Closure of bars no solution

VIMLA PATIL’S article “Razing the Bar” (Saturday Extra, April 30) made interesting reading. A woman is a puppet in the hands of man and has to dance to his tunes. She is the most exploited one in man’s domain. Paradoxically, man owes his existence to woman but she is subjugated to the point of persecution. Mentally and physically fragile, she’s confined to hotels, bars and brothels for the entertainment of man. Merely making an ostentatious show of morality to befool the public, leaders enact laws which are sure to boomerang.

Kings and amirs had exclusive harams and dancing in durbars was part of regal splendour. Some 75,000 bar girls are on the roads due to the ban in Mumbai, what will they do now?

Karnail Singh, Shahpur Kandi



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There is no denying that dance bars have been dens of crime and anti-social activities but we have to be sympathetic towards girls who may face starvation if they are denied the right to work. In the event of closure, no one would allow them to join either the national mainstream or take up the so-called ‘respectable’ jobs.

Are there any offices where crimes in one form or another not taking place? We have to be compassionate while deciding the fate of dance girls. The closure of dance bars will not solve any purpose. Most girls would turn to prostitution.

Concrete steps should be taken to rehabilitate the dance girls if the government sticks to the decision of closing the bars. They should then be converted to disco bars or restaurants and the girls appointed as waitresses, gate keepers, singers or even performers on stage in night-clubs and be entrusted with the job of running the bars completely. Close-circuit cameras should be installed to check obscenity and throwing money on dance girls should be totally banned.

Vipin Sehgal, Kurukshetra


Maharashtra’s ruling politicians apparently have a single-track thought process. They seem to suffer from poverty of information. A majority of dancing girls provide innocuous entertainment and are in the profession to feed their dependents. Their customers are restricted from physical contact with them.

Malika Pukhraj sang when singing was a sin. Geishas of Japan entertain in a decent way by giving mental solace to their customers. During the era of nawabs, the dancing girls of Lucknow were mentors to the scions of aristocracy in court culture and refined manners.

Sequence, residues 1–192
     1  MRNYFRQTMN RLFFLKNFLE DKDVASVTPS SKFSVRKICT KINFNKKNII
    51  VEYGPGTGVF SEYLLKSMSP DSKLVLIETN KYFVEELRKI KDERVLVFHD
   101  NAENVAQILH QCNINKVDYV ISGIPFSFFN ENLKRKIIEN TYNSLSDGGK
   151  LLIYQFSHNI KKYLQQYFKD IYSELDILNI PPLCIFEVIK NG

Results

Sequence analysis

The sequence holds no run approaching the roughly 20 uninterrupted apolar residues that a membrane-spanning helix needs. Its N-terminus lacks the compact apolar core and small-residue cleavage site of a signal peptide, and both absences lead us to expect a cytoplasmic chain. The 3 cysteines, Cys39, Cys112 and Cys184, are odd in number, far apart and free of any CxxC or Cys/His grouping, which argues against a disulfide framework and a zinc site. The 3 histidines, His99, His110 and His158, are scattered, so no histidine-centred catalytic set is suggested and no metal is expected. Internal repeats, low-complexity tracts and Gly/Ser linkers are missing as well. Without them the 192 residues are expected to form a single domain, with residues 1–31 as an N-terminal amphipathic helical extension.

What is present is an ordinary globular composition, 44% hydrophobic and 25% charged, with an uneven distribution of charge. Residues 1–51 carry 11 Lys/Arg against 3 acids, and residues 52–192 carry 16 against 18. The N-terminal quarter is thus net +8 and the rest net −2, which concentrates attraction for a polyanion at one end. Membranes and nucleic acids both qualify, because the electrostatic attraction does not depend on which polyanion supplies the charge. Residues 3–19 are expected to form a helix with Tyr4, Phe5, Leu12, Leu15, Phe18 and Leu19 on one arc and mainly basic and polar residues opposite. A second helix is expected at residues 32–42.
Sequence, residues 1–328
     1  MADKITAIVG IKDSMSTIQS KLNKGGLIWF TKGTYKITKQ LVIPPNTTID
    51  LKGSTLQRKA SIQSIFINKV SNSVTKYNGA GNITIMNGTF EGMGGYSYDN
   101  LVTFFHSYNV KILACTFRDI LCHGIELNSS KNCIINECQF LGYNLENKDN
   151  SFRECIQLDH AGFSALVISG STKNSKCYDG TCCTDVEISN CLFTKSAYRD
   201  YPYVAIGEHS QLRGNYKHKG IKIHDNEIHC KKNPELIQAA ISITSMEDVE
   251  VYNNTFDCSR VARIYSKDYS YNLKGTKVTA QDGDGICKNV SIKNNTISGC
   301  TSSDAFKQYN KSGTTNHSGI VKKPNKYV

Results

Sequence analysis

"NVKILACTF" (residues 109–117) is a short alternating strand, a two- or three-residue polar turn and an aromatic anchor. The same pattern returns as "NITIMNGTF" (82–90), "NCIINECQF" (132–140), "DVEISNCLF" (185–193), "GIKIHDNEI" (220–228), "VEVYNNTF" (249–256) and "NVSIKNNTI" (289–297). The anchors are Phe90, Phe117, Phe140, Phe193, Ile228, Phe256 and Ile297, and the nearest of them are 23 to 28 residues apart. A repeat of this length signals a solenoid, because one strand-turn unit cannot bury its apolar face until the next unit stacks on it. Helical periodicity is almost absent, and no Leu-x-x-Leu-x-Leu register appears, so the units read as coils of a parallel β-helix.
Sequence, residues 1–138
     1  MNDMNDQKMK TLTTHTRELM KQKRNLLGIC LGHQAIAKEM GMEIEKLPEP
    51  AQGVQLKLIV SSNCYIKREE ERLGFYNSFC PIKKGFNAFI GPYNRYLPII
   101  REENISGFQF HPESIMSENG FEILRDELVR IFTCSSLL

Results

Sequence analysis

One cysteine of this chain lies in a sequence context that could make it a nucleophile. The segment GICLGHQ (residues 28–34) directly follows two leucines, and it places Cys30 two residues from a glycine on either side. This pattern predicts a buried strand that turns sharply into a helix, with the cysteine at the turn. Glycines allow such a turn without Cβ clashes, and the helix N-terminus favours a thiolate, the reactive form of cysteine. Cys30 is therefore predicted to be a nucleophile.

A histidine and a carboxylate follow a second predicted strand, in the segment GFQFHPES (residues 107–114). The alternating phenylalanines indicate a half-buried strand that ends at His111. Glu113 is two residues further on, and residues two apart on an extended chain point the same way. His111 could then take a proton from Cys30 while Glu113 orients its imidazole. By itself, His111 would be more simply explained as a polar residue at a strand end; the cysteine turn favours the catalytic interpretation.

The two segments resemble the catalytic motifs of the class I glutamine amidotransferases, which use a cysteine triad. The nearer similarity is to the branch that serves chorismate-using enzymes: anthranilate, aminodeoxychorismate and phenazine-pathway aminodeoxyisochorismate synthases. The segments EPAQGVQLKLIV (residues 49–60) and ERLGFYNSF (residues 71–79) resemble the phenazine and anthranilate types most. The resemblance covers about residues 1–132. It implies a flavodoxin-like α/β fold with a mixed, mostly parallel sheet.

V.I.K. SHARMA, Jalandhar

Partition trauma

This refers to the “Trauma of Partition” by Narinder Singh Jallo (April 17). The pre-Partition trauma in Rawalpindi district in Pakistan, particularly in rural areas and small towns with Hindu-Sikh population flared up towards February end (1947). The minorities (Hindu-Sikhs) were the first and the worst sufferers at the hands of the attackers who were under the spell of politicians. I belong to one of these ill-fated villages (Narali) in Rawalpindi District

At the time of Partition, such migrants/refugees who were mature enough, i.e. 40 years or above, are not around now to take others down memory lane in this context. The second generation, that is their children, were too young to recall and share purposefully at this stage. The ‘leftovers’ belonging to the middle category like me, can be of service to some enthusiastic ‘recorder,’ provided he is prompt enough. I was 29 years at the time of Partition, 58 years ago. The Tribune remains my first choice from my schooldays onwards (1934-35-36), till date.

Amrik Singh Sethi, Amritsar

Snakes and sensitivity

Khushwant Singh has rightly said (Saturday Extra, April 30) that killing of snakes should be stopped. They improve the quality of our life by eating rats.

Otherwise, there will be misery and death. Snakes can be kept/fed as pets but it is not the same with rats. There should be mercy for snakes but not for rats. Snakes serve human beings and also provide anti-venom serum.

S.K. HANS, Jalandhar


It is true that we should not kill snakes. As soon as one sees a snake, one thinks of killing it as there is no other option available. There should be a snake helpline in each city so that one can contact snake charmers or protectors who can reach the spot at once to help catch them and prevent them from being killed.


Weaving a way out

In “Weaving a way out” (Spectrum, April 10), Bibhuti Mishra has focussed on the development of a skill to change the poverty-ridden face of Kalahandi. Jobs can also be created. The silver plant which can ensure an increase in the earning of tribals is a project of Rs 80 lakh. It is a scarce amount for a vast country like India where crores are spent for several purposes, especially if it can help to change the profile of the region.

N.K. TRIPATHY, Muktsar

No black and white

C.R. Jindal has unnecessarily been so harsh on the trend of colouring films, (Letter, April 24). No doubt, V. Shantaram had made Do Aankhen Barah Haath in black and white. What about his subsequent movie Navrang? the movie began with the filmmaker himself making an appearance to narrate how he was injured while shooting a bull fight scene.

Consequently, he had to spend several months in hospital with his eyes bandaged. During that time he realised how important colours were in life and how he missed them. It was then that he decide to make a movie depicting various colours in life whenever he recovered. The outcome was Navrang. Interestingly, while the footage depicting V. Shantaram’s narration was in black and white, the rest of the movie was in colour. This was done deliberately to show how beautiful everything looks in colour as compared to black and white.



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